Yes, there must be some outlet for teens who can not talk to the parents, but in general, I think involving parents is good for the teen, and that family, no matter the outcome.     




  • jayn

    “We talked about the fact that the court is not required to keep the teens request confidential.  “Could” is not the same as “must”, and it is a valid concern that under this new law courts can notify parents that their teen has requested a judicial bypass.”


    *headdesk* Way to defeat the entire point.

  • carolyninthecity

    I like the idea of ensuring the parent is involved, but as it’s been mentioned many times before, the majority of teens will go to their parents anyway. Mom and dad are more then likely going to be the source of the money for the procedure and the ride to the clinic. What if a girl’s parent is anti-choice (which they are likely to be in Alaska?- maybe a generalization?) and they strongly opposed their daughter having the abortion, is there anything they could do to stop it? What’s the point in notifying a parent if they don’t have to give consent? It’s just another road block for a young girl who might have a very very good reason not to include her parents in her decision. 

  • pamela-merritt

    To clarify – the law requires parental notice OR consent before an abortion is knowingly performed or induced on a pregnant, unmarried, unemancipated women under 18 years of age or that a court has authorized the minor to proceed with the abortion without parental involvement and the minor consents.


  • rachel-larris

    I looked at the ads on the No on Ballot 2 website and I thought the TV and radio ads didn’t go FAR ENOUGH in highlighting child abuse. I actually would have put grown up abused teens (or actors portraying them) RIGHT UP FRONT in the campaign. It’s the only way it would have won.

    Saying “it’s complicated” isn’t a great campaign idea. The ONLY way to win would have been to use the idea of child abuse as the main reason why this law is a bad idea. The “Get outside your bubble” was a great tag-line but the rest of the ads against the ballot measure seemed very complex in the arguments they were making.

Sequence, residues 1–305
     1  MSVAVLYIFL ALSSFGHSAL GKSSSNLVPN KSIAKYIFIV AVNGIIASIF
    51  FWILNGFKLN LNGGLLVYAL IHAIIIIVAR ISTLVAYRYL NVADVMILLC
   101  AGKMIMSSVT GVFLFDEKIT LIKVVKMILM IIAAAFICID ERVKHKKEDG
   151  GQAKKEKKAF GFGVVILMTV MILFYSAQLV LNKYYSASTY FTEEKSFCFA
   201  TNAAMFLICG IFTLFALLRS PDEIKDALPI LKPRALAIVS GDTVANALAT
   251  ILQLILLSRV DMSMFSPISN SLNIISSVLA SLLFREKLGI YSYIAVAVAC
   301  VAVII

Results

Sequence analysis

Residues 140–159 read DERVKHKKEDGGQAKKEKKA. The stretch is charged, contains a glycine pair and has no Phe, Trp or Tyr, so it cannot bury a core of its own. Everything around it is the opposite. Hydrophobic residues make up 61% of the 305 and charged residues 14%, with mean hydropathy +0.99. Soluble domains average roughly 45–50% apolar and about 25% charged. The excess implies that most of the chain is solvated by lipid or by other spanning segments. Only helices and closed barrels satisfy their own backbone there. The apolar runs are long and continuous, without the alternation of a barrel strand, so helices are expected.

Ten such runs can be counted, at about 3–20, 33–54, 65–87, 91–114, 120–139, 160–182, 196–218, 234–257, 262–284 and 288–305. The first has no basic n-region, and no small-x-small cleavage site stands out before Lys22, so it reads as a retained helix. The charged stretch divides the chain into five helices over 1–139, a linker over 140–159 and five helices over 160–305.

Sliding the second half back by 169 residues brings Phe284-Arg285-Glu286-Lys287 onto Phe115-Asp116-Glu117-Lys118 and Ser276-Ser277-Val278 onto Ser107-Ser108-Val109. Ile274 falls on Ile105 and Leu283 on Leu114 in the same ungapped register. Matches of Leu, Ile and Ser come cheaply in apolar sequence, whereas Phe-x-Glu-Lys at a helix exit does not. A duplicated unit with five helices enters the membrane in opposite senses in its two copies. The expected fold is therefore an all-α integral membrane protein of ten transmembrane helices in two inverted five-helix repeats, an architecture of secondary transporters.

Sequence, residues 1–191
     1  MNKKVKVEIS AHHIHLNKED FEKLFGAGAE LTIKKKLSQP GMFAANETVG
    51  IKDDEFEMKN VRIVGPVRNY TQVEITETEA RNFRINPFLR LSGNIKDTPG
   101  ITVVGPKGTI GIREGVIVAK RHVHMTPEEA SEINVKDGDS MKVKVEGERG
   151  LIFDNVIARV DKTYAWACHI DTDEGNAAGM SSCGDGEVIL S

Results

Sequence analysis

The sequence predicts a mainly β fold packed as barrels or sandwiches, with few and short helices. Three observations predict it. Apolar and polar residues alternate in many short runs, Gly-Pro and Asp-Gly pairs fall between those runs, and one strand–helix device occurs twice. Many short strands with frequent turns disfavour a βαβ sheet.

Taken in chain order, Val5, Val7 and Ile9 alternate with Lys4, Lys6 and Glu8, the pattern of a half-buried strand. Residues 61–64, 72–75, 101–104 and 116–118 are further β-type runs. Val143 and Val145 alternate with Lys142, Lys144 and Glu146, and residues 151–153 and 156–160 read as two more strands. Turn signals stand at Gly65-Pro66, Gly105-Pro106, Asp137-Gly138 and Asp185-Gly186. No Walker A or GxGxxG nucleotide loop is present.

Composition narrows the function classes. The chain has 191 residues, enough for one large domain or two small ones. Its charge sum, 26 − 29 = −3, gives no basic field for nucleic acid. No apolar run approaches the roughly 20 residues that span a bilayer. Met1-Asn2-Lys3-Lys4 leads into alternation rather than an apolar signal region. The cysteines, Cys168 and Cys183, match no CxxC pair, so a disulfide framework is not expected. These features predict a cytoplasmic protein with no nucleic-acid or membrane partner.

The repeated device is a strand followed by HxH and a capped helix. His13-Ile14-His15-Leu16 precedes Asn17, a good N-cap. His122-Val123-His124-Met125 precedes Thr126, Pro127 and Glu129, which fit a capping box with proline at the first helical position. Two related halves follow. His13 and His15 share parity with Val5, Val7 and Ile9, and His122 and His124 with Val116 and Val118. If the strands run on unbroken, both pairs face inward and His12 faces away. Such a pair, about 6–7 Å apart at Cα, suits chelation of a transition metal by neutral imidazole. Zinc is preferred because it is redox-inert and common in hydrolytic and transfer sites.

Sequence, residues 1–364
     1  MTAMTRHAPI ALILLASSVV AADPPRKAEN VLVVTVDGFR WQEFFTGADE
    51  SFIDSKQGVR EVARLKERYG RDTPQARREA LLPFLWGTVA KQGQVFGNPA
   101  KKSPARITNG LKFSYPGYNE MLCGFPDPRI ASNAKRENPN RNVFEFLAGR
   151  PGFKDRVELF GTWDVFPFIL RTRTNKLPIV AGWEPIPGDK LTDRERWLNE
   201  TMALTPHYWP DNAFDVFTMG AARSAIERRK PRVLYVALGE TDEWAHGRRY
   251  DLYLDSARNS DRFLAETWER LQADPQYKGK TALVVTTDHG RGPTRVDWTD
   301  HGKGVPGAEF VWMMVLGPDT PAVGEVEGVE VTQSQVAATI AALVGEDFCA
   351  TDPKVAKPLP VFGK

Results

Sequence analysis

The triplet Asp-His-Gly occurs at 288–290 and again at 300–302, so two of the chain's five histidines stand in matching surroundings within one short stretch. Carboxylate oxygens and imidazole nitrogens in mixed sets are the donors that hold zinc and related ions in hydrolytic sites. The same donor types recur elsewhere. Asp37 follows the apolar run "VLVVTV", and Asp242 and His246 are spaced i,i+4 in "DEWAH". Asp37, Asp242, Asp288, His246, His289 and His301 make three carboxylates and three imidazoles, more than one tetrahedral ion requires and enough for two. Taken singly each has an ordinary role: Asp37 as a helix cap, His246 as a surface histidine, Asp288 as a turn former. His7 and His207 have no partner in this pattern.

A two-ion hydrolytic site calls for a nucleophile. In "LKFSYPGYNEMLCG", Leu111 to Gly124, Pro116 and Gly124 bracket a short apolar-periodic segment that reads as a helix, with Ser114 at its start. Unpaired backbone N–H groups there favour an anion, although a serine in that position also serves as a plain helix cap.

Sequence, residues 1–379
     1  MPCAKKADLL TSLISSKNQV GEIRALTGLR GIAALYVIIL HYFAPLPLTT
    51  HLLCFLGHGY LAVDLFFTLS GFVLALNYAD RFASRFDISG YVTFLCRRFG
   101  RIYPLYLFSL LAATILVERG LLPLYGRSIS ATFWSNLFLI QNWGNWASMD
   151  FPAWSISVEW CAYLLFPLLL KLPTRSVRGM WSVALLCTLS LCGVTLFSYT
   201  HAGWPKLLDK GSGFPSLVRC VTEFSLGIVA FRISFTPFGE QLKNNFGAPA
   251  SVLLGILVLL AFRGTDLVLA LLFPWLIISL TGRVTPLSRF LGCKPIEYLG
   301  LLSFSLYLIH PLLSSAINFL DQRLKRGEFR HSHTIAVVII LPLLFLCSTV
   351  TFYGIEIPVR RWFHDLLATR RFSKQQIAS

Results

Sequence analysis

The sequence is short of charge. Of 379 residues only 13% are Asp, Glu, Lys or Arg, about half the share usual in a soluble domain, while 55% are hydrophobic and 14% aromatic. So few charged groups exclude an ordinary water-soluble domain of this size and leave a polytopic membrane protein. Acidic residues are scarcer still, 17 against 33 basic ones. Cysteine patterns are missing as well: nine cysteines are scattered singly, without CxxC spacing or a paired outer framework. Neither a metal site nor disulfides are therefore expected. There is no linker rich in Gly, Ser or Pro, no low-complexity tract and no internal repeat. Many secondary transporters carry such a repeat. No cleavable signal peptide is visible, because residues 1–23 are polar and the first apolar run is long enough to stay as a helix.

• bornin1984

    Except maybe the argument that minors should be allowed to do as they want sans parental involvement because of an occurrence which constitutes a small fraction of all abortions.

  • prochoiceferret

    Yes, there must be some outlet for teens who can not talk to the parents, but in general, I think involving parents is good for the teen, and that family, no matter the outcome.


    And you think that enforcing this involvement by way of the legal system, and having an “outlet” that is a difficult-to-navigate and often ill-defined legal process is a good idea?

  • prochoiceferret

    Except maybe the argument that minors should be allowed to do as they want sans parental involvement because of an occurrence which constitutes a small fraction of all abortions.


    So I guess you’ve got no problem with late-term abortions, about which one can say the same thing!

  • oodlenoodle

    The amount of people who refuse to believe parent-teen abuse occurs (or that informing DSHS, police, etc is a “simple process”) is just horrifying. I can’t imagine what it’s like living in a world that delusional. 

  • bornin1984

    So I guess you\’ve got no problem with late-term abortions, about which one can say the same thing!

    We make exceptions for late-term abortions, do we not? Your logic would hold that late-terms abortions should be unilaterally legal because they can be needed at times, instead of only legal when they are needed.

  • arthur-frederick

    I have no problem with late-term abortions. Until the fetus enters this world, it remains a part of the uterus which is the property of the woman. Only the woman carrying the fetus can make that choice–no one else has the right to decide for her.